The postgres Unix user v23

This page documents how the postgres user and its home directory are configured.

There's a separate page about how to create Postgres users in the database.

Shell configuration

TPA will install a .bashrc file and ensure that it's also included by the .profile or .bash_profile files.

It will set a prompt that includes the username and hostname and working directory, and ensure that postgres_bin_dir in in the PATH, and set PGDATA to the location of postgres_data_dir.

You can optionally specify extra_bashrc_lines to append arbitrary lines to .bashrc. (Use the YAML multi-line string syntax >- to avoid having to worry about quoting and escaping shell metacharacters.)

  - alias la=ls\ -la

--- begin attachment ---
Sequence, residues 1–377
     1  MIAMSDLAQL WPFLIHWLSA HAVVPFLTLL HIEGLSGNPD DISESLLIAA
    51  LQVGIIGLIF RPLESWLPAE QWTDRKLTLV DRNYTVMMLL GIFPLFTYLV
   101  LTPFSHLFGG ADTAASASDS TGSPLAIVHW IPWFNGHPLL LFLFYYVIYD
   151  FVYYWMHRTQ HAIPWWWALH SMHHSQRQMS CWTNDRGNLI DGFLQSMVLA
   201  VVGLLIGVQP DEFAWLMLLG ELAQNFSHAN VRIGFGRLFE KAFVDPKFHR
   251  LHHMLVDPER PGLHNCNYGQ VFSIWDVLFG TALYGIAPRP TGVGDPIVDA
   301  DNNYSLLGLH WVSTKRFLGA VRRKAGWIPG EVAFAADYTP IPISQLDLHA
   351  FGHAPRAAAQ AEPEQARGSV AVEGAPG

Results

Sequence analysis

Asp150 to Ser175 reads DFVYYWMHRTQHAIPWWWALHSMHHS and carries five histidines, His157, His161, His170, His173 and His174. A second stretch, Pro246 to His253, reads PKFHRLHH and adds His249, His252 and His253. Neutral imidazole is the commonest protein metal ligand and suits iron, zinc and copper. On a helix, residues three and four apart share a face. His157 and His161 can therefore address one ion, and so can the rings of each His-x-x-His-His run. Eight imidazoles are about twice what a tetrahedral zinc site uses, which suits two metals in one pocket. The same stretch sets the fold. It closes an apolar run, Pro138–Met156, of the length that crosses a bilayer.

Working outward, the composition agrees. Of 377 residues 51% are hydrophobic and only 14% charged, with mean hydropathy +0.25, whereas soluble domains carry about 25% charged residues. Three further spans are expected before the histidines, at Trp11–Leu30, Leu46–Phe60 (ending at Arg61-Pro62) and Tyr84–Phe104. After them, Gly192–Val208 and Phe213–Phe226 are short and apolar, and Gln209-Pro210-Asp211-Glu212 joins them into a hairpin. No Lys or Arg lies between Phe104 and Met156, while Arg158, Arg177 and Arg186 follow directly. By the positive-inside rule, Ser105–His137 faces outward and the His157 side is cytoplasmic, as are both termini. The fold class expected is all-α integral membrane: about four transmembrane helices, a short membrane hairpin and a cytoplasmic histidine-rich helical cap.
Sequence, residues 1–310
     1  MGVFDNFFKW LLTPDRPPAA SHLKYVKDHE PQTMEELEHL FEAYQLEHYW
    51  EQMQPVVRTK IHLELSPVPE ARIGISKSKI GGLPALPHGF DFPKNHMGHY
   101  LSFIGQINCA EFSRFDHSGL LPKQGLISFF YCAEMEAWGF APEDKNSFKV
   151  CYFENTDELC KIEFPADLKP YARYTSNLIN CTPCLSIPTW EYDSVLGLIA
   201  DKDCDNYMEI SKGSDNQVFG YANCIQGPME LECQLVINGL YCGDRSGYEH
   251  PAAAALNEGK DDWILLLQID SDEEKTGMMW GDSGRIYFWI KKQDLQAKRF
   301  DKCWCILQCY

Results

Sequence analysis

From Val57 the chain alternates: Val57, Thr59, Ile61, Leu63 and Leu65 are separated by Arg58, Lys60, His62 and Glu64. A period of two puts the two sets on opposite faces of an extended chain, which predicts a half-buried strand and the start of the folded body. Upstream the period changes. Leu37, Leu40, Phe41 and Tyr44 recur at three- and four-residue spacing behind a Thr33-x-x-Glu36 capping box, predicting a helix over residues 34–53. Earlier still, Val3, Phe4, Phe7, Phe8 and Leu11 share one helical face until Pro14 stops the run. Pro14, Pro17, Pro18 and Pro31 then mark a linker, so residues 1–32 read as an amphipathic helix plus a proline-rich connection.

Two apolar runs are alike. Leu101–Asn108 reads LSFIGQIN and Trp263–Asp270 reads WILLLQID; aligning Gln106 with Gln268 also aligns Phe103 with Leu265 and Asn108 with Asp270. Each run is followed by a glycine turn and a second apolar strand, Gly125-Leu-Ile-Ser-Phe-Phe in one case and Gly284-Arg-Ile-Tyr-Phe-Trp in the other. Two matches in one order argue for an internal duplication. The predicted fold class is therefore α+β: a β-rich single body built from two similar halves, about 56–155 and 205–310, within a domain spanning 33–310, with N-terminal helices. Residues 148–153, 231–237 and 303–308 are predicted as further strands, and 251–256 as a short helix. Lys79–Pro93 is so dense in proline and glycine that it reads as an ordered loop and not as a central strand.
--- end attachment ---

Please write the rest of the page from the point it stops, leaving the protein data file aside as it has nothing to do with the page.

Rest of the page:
- >-
    export PATH="$PATH":/some/other/dir

It will edit sudoers to allow sudo systemctl start/stop/reload/restart/status postgres, and also change ulimits to allow unlimited core dumps and raise the file descriptor limits.

SSH keys

TPA will use ssh-keygen to generate and install an SSH keypair for the postgres user, and edit .ssh/authorized_keys so that the instances in the cluster can ssh to each other as postgres.

TLS certificates

By default, TPA will generate a private key and a self-signed TLS certificate for use within the cluster. This is sufficient to ensure that traffic between clients and server is encrypted in transit. Should you wish to use your own certificate signing infrastructure you may replace these after deployment is complete, or replace them during deployment using a hook.


The postgres_user and postgres_group settings (both postgres by default) are used consistently everywhere. You can change them if you need to run Postgres as a different user for some reason.